The Port will also be looking at best practices put in place currently by health authorities and cruise lines that have begun operations in other parts of the world.  These health models — and their results — will inform decisions as the Port prepares for further cruise operations in Seattle. 

As always, environmental stewardship will remain a core tenant of our operations.  We maintain a unique, voluntary clean water agreement between the Port, the cruise lines, and regulators that manages wastewater discharge, creates stormwater best management practices, decreases emissions from oceangoing vessels, and provides shore power that has reduced carbon emissions by 2,900 tons in 2019.

Regional strategy for recovery

Our recovery strategy for the region includes four core components: stabilize businesses and maintain essential services, focus on the most vulnerable communities, invest where others are not, and safely operate our gateways.  In line with these components, I want to mention a few other maritime efforts that the Port of Seattle is engaging in. 

Tenant relief

As we assist our customers where possible, timely relief to tenants in the form of deferments and lease adjustments came last April.  Our rent deferral programs were open to any upland tenant or moorage customer who could demonstrate negative impact by COVID-10.  Forty seven tenants out of around 200 executed deferral agreements and 31 vessel owners out of around 2,000 (1,500 recreational, 500 small fishing, 22 large fishing) also deferred moorage. 

Fishermen's Terminal with fishing boats in the water

Maritime Innovation Center

On the workforce side, the Port is finishing design on the Maritime Innovation Center and planning to start renovating this facility next year, breaking ground in the fourth quarter of 2021.  This facility will help us support emerging maritime companies and help us sustain and modernize this key industry.  We were quite pleased with our inaugural maritime accelerator that ran earlier this year.  It showed us that innovation is alive and well within the maritime industry — there is tremendous potential.  We are also renovating the oldest building we have (the Historic Ship Supply building) into a modern facility that can put our maritime industry on a sustainable path to the future.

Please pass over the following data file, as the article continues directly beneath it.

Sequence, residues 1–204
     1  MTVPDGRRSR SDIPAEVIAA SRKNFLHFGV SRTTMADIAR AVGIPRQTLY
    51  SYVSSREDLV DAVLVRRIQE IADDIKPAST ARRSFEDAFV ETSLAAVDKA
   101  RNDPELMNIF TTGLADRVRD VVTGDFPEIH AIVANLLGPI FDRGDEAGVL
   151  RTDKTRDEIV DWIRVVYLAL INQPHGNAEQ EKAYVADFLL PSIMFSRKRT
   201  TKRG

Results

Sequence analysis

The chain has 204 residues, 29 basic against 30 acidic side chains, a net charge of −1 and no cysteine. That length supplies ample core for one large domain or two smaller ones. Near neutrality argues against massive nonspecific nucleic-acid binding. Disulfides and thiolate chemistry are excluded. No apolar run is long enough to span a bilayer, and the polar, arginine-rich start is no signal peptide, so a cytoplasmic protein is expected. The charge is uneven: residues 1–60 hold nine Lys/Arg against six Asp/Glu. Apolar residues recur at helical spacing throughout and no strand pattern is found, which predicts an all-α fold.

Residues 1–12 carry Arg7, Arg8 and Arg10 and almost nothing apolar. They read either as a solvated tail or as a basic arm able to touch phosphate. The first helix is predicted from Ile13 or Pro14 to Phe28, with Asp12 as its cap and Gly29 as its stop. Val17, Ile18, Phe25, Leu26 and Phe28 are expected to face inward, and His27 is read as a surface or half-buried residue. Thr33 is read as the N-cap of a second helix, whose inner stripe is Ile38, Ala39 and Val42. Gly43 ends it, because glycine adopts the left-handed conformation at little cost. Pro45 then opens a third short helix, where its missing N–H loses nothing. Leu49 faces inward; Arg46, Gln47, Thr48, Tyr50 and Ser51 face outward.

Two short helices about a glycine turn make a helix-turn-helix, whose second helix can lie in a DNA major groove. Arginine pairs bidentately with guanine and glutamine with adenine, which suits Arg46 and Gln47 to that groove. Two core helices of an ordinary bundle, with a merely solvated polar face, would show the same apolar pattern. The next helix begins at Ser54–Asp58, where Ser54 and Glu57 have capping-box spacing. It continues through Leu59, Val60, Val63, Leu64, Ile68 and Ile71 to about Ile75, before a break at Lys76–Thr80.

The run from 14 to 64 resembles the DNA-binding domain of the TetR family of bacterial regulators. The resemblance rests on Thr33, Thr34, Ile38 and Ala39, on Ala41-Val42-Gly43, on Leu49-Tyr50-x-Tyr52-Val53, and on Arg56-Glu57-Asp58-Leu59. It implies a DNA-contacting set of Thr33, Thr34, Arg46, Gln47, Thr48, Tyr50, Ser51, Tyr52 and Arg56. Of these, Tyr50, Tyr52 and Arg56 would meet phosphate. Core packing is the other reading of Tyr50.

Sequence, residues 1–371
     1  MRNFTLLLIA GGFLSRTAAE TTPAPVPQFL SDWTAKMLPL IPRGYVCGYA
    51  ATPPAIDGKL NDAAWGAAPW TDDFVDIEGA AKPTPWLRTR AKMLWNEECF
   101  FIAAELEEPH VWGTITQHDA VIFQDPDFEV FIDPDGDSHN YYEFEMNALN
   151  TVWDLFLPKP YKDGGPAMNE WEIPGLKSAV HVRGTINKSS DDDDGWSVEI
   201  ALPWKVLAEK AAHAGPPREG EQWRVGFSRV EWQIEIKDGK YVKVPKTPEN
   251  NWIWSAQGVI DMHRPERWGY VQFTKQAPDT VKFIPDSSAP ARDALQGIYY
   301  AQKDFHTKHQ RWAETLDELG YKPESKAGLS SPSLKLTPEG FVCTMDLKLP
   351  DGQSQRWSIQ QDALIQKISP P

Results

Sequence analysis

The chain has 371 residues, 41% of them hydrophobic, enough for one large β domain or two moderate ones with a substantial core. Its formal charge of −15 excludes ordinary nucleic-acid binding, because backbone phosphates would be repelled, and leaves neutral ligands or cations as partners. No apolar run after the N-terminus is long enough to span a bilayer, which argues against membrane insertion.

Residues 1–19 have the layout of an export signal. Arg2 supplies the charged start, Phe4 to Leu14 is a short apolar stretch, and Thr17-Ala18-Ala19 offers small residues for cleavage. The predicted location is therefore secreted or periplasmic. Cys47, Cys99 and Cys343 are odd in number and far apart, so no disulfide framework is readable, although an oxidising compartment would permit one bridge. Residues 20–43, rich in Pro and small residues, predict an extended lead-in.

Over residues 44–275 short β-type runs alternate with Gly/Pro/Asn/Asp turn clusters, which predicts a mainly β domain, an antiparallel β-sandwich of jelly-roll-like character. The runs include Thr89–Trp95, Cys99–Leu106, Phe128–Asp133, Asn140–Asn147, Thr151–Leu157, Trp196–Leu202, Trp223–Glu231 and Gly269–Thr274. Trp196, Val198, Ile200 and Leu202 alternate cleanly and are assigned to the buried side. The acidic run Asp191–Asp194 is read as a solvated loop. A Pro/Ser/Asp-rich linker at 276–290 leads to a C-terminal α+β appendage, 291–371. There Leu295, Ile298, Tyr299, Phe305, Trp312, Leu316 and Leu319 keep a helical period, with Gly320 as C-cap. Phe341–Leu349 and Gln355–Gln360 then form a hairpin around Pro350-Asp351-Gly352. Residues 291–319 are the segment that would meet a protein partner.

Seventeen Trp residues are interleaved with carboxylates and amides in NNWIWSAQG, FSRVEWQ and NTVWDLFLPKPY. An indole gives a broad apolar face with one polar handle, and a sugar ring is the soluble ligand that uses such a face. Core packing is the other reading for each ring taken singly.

schematic diagram of the future maritime innovation center

Commercial fishing

Lastly, on fishing, the catcher/processor fleet is still very active at Terminal 91 recapitalizing and modernizing.  We expect the new North Star (the one vessel that was damaged in a hurricane two years ago, just prior to delivery) to be arriving this fall from the Gulf.  he new Arctic Fjord is expected to arrive next year. Ocean Peace has performed a complete overhaul of a vessel it’s adding to their fleet with the new name: Bering Hope. These vessels are valued customers providing revenue to the Port during these non-cruise months.  With the fishing season largely over, aside from one large catcher-processor company that had several outbreaks early in the season, we’ve had no reports of any other cases among the North Pacific Fishing Fleet this year so far.

Aerial shot of terminal 91

We hope all of these experiences over the last six months will inform our decisions, especially as we look to other markets and regions for best practices to safely re-open this maritime economy that has provided so much bounty and prosperity for our two states.